The beat gives rise to both amplitude (the square-root factor) and phase modulation (the exponential factor). One also easily sees from these expressions that the period of one beat equals p/2πt periods. In DVD+RW, for example, p=4265.6 nm and t=740 nm, so it takes 0.917 revolutions to complete one beat period.
The maximum and minimum values for the amplitude of the beat are reached for:
and also for
It then follows that the maximum of the beat amplitude is given by:
and the minimum by either of the following two expressions:
From the above expressions, it is clear that the wobble beat is smallest when |cos(π2πt/p)| is minimum, i.e., when 2πt/p=n+½, where n is an integer.
CD-RW DVD + RW DVR-RW channel bit length (nm) 277.7 133.3 77.0 channel bit rate (MHz) 4.3 26.2 66.0 velocity (m/s) 1.20 3.49 5.08 channel bits per wobble 196 32 69 wobble length (um) 54.422 4.266 5.313 wobble frequency (kHz) 22.05 817.38 956.52 track pitch (nm) 1600 740 320 2*pi*(track pitch)/(wobble period) 0.18 1.09 0.38
The situation described here has smallest amplitude variation of the beat factor. This situation corresponds, however, with the highest phase variation of the beat factor. The advantage thus depends on the relative importance of phase and amplitude variations.
Although the invention has been explained by embodiments using a wobble modulation, any other suitable parameter of the track may be modulated, e.g., the track width. Also, for the record carrier, an optical disc has been described, but other media, such as, a magnetic disc or tape, may be used. It is noted that in this document, the word ‘comprising’ does not exclude the presence of other elements or steps than those listed, and the word ‘a’ or ‘an’ preceding an element does not exclude the presence of a plurality of such elements, that any reference signs do not limit the scope of the claims, that the invention may be implemented by means of both hardware and software, and that several ‘means’ may be represented by the same item of hardware. Further, the scope of the invention is not limited to the embodiments, and the invention lies in each and every novel feature or combination of features described above.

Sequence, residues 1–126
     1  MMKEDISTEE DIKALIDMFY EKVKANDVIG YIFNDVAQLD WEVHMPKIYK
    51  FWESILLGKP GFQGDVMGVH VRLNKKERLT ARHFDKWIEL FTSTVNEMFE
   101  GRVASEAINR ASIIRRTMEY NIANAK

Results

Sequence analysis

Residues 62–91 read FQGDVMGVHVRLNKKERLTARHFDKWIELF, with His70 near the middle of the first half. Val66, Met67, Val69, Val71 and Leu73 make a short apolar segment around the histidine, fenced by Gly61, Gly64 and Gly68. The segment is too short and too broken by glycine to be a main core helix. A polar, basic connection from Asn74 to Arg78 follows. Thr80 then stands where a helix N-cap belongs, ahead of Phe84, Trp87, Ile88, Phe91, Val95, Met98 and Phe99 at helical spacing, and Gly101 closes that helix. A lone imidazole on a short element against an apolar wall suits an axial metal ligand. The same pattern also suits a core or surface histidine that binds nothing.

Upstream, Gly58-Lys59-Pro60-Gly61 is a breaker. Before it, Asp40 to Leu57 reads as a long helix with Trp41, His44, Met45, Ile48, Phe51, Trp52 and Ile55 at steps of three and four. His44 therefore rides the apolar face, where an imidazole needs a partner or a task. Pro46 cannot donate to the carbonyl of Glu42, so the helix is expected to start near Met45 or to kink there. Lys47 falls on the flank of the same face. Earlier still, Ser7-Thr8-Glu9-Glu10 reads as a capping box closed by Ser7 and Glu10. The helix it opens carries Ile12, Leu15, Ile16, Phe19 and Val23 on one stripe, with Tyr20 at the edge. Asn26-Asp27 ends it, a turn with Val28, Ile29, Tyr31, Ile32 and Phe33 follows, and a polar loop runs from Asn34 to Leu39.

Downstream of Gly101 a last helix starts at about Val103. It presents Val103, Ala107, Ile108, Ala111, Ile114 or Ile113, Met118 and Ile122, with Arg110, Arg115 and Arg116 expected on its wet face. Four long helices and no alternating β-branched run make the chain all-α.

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|U.S. Classification||369/53.34, G9B/7.035, 369/275.3, 369/275.4, G9B/20.009, G9B/7.025, 369/59.25|
|International Classification||G11B7/24082, G11B7/005, G11B7/0045, G11B11/00, G11B7/007, G11B20/10|
|Cooperative Classification||G11B20/10, G11B7/0053, G11B7/24082|
|European Classification||G11B7/24082, G11B20/10, G11B7/005W|
|Jul 8, 2002||AS||Assignment|
Owner name: KONINKLIJKE PHILIPS ELECTRONICS N.V., NETHERLANDS
Free format text: ASSIGNMENT OF ASSIGNORS INTEREST;ASSIGNOR:SCHEP, CORNELIS MARINUS;REEL/FRAME:013066/0141
Effective date: 20020528